Hello again Dear Readers, and Happy Sunday to you all!
I’ve finally finished Katie Cotugno’s “young adult” novel How To Love, and it’s time for a little rave fest! I put the term “young adult” in quotations because I actually think Cotugno’s novel is written like a more adult piece of fiction, and I immediately passed it off to my mother after finishing it because I know she will absolutely love it! It is a mature novel, its themes and ideas are sophisticatedly articulated, and I think that for a young adult novel, it tackles a lot of serious issues with depth and remarkable insight. I’m a huge fan of the young adult fiction genre, even now into my twenties, but I will admit that you can often tell when a book is written for a younger audience because of its style and the way the prose is constructed. I definitely could NOT tell that How To Love was intended for a teenaged audience, though, because it is written in a more poignant manner than most of the works of adult fiction I’ve read recently…but more on this in a second.
I have to start by saying that the premise of the novel is not altogether extraordinary – it’s about a teenage girl who becomes pregnant and must raise her child alone. This sort of storyline is relatively common (we’ve all seen it played out in movies and TV shows numerous times), so Reena’s story and her troubled relationship with her baby’s father, Sawyer LeGrande, is not something ridiculously unique. The true power of How To Love comes instead from how it is written, from how Reena’s narrative voice functions and how creative her manner of speech and thought is.
I adore words! That much is probably obvious from the fact that I’ve created a blog about books. But what I love most about words is when they are used in an unexpected manner…when they are combined in ways that the reader wouldn’t have thought of or wouldn’t have encountered before. That’s what I enjoyed most about How To Love – so many of the descriptions Cotugno provides, through Reena’s narrative voice, are unlike any descriptions I’ve ever encountered. If you take a look back on my Twitter page, you’ll find some of these very descriptions. Furthermore, when Cotugno discusses a sentiment or an idea that is more common, she does so with such eloquence, and her prose is so beautifully shaped and paced. For example, here are some quotes from my #JNGReads posts for this week which illustrate how graceful Cotugno’s writing style is:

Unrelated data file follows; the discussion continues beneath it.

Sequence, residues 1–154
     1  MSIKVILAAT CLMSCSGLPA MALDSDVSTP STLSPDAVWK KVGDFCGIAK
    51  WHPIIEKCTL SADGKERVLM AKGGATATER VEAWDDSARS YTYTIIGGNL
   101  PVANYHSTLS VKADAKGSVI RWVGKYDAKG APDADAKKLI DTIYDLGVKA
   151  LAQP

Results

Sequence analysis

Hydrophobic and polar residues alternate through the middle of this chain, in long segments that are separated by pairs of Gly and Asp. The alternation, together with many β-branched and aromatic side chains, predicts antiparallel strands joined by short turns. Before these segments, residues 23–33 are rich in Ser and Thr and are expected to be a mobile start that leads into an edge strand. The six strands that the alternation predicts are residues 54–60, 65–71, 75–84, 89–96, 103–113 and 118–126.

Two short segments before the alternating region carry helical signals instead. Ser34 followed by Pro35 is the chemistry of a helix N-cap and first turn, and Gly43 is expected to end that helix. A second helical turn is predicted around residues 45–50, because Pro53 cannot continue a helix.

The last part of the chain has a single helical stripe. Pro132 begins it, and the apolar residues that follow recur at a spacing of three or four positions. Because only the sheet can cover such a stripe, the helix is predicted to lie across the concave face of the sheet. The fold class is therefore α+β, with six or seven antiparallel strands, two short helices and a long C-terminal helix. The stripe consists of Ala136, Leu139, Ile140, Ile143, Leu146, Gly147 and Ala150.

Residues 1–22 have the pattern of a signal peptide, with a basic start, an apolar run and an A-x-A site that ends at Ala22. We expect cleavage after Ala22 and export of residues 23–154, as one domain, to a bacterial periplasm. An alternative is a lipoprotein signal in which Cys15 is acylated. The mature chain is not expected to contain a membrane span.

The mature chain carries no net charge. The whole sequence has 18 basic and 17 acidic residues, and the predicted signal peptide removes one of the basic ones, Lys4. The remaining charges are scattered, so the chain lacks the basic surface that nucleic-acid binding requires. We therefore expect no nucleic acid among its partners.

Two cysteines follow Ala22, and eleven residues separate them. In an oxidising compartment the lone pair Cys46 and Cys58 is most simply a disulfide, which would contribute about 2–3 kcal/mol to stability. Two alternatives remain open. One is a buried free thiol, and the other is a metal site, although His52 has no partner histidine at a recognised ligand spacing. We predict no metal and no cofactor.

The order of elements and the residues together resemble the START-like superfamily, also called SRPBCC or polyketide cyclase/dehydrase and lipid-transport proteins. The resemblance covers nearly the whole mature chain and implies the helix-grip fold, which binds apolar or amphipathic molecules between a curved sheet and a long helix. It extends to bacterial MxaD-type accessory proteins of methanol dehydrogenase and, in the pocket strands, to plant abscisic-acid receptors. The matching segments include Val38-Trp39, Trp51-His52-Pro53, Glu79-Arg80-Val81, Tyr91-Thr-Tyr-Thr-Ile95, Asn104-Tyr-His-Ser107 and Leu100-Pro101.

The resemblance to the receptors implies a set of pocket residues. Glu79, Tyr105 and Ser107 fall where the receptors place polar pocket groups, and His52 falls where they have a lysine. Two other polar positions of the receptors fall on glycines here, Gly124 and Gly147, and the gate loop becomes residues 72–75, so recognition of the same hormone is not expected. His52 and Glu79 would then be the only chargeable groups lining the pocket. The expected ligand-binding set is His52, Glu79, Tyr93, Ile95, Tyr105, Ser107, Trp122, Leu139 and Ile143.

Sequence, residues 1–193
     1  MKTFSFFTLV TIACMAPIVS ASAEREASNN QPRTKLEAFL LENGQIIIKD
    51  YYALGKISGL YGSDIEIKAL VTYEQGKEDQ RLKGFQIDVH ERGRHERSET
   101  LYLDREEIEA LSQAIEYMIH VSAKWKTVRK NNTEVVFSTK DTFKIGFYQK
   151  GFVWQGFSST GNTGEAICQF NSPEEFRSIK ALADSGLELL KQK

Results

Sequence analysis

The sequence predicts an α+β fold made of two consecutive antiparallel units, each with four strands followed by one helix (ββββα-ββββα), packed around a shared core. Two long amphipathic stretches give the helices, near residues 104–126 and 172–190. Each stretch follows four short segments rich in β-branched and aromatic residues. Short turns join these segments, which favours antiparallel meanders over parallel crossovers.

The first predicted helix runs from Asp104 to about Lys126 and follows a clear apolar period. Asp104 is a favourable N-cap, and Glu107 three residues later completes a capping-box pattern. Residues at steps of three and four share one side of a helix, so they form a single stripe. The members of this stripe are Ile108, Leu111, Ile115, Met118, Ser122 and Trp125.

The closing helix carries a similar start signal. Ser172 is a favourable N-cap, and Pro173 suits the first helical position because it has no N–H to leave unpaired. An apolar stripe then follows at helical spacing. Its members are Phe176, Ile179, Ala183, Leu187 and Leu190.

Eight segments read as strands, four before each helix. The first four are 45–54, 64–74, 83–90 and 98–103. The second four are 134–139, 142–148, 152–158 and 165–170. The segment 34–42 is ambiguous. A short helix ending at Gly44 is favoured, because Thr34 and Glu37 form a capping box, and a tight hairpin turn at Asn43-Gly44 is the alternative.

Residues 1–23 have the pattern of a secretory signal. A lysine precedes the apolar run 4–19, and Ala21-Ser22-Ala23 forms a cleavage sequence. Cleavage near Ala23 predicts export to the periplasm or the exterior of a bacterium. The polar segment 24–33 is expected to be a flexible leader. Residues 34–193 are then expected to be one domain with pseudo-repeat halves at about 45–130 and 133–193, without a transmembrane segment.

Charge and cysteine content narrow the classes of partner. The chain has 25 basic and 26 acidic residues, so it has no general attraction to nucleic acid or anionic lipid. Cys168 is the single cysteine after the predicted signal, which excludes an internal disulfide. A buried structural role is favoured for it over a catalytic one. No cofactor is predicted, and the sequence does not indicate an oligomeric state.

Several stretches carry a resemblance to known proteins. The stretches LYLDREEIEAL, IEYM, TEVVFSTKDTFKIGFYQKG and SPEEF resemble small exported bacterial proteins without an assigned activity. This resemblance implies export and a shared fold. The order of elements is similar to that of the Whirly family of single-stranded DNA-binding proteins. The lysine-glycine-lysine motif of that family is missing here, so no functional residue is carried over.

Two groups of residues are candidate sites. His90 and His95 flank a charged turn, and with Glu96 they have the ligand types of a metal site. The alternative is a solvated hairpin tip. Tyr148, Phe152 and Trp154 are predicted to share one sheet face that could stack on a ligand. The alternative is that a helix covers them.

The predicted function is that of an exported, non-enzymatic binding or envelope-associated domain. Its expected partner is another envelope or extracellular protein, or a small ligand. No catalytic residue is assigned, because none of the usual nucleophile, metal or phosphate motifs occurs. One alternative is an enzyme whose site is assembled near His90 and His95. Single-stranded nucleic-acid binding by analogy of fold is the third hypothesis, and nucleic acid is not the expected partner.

“like something I’d lived near all my life but never tried.”
“‘I like him so stupidly much.’”
“I loved how I was still, every day, learning him.” – How To Love, Katie Cotugno
Yes, some of these passages describe feelings that aren’t necessarily out of this world or surprising, but I find that the way Cotugno allows her character Reena to express her feelings so explicitly and with such heart truly inspiring. I’d like to be the kind of author who is constantly finding new ways to portray age-old ideas – and I think Cotugno does just that.
I would definitely recommend this novel to just about anyone. It left an impression on me, and I was eager to read it and return to the lovely prose as often as possible!
Sidenote: The countdown to my Disney World adventure is on – 6 more days until my family and I leave! Check out my Twitter page all this week for tons of Disney quotes! I’m getting sooo excited!
Have a great Sunday Everyone!
Girl with a Green Heart